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Apps to tip off your NBA enjoyment

The rebuilding Knicks feature emerging star Kristaps Porzingis

The rebuilding Knicks feature emerging star Kristaps Porzingis prominently in their official app. Credit: Madison Square Garden

The NBA season begins this week, and after a dreadful 2016-17 campaign, the Knicks and the Nets have reasons to believe they will be better. These apps can help you follow the action from the first tipoff to the NBA Finals.

Official New York Knicks
(iOS, Android; free)

On the floor, the Knicks will focus on budding star Kristaps Porzingis, and not surprisingly, he is featured prominently in the app. Exclusive features include pre- and postgame coverage, video highlights and a robust connection to social media with live content from the Knicks’ official Twitter, Instagram and Facebook pages. There are also some location-specific features that will click in when you are at Madison Square Garden.

Brooklyn Nets

(iOS, Android; free)

The Nets were the worst team in the league last year, so there’s no place to go except up. The app is especially useful if you go to games at Barclays Center: You can upgrade your seats and use the eWallet feature to pay for food and beverages at concession stands. A connection to Twitter lets you catch up with other fans of the team — even those who remember Julius Erving’s Nets days at Nassau Coliseum.


(iOS, Android; free)

While each of the major sports leagues has its own official app, the NBA has always been known for its cutting-edge features, and the 2017 NBA app is the best yet. Its video features, especially the Top 10 Plays of the Day, are superb. The NBA app also serves as a portal to the NBA League Pass paid subscription service, where you can stream games to any of your devices.


(iOS, Android; free)

Even if you can’t play like LeBron James, maybe you can look like him. NBA Fit has an array of strength and conditioning exercises and nutritional information from coaches and experts. But you are on the honor system: NBA Fit is not a fitness tracker, so it won’t know if you are actually doing abdominal crunches or crunching potato chips.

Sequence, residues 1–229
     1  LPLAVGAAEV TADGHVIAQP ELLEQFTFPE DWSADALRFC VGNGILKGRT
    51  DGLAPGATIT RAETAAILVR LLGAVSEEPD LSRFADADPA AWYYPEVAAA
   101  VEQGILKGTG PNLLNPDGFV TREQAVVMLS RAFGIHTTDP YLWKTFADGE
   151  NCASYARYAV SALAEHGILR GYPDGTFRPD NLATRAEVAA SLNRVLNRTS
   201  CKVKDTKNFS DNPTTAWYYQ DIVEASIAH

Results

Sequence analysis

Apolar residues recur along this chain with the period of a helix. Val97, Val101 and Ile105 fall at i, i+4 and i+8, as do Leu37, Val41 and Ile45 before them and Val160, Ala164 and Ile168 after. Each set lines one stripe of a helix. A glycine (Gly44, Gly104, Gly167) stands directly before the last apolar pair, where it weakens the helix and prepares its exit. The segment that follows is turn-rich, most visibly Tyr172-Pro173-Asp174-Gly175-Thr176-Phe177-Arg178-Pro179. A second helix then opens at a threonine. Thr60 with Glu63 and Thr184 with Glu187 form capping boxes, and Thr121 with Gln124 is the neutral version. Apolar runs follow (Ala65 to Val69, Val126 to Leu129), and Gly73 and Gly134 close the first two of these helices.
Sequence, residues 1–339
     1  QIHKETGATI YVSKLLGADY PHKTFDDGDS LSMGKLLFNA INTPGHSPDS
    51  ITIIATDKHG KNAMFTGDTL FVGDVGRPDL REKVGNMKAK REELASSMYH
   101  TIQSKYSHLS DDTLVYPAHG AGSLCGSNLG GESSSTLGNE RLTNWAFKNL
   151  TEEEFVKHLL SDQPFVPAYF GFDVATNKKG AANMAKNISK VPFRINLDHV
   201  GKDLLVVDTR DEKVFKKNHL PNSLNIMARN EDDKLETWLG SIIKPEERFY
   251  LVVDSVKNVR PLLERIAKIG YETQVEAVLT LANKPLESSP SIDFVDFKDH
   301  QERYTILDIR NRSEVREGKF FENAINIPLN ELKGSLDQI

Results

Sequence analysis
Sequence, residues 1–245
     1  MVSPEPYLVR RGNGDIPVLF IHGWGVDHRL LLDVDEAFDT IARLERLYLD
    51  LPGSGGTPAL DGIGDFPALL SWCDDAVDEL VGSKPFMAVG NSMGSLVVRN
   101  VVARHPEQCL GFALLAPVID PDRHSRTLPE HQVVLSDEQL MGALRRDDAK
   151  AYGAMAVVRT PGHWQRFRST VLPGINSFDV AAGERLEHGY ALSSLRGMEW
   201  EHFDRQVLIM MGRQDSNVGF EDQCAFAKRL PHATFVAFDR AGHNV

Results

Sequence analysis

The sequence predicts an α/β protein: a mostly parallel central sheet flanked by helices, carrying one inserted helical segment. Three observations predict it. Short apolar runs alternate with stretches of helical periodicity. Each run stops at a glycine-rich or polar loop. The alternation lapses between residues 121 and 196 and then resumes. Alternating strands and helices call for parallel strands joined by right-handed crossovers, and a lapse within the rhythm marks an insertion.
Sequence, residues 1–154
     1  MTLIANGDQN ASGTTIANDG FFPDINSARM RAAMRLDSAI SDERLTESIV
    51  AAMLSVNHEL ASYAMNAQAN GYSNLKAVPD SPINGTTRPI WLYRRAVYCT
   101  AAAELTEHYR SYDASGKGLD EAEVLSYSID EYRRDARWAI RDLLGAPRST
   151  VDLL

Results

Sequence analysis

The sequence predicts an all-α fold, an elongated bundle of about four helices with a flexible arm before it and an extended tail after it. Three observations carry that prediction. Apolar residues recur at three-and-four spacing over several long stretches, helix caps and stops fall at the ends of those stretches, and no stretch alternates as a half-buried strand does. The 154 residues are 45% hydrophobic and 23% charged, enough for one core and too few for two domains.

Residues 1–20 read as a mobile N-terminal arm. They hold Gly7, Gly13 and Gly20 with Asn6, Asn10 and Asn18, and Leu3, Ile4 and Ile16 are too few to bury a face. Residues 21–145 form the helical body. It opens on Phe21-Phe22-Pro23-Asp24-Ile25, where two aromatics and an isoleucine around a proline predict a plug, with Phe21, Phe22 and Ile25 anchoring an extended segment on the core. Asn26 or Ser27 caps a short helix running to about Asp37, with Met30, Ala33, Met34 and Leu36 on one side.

Amazon: Bitter pill for CVS, Walgreens?

Amazon may be preparing to disrupt yet another industry. Bloomberg and CNBC reported that the e-commerce giant is considering selling prescription drugs online. Bloomberg, citing industry analysts, says the move will probably occur in 2019. Amazon’s entry into the pharmacy market would shake up an industry known for its opaque pricing and pose a direct threat to giant drug chains CVS and Walgreens. — PETER KING

Power up

General Electric is working on a way to use artificial intelligence in electricity grids, a technology it expects will save consumers $200 billion. The technology would optimize how electricity flows in and out of storage devices such as batteries. This is expected to significantly increase the efficiency of the grid and save consumers money. GE is filing a number of patents on the technology.

— Bloomberg News

Special delivery

The Postal Service is developing a “long-term strategy” that could lead to its adoption of self-driving vans. The vehicles could be used to drive letter carriers while they sort mail or be dispatched back to the post office to reload the van while the carrier continues the route. The vans could also be dispatched without carriers, allowing for “24/7, on-demand delivery.”

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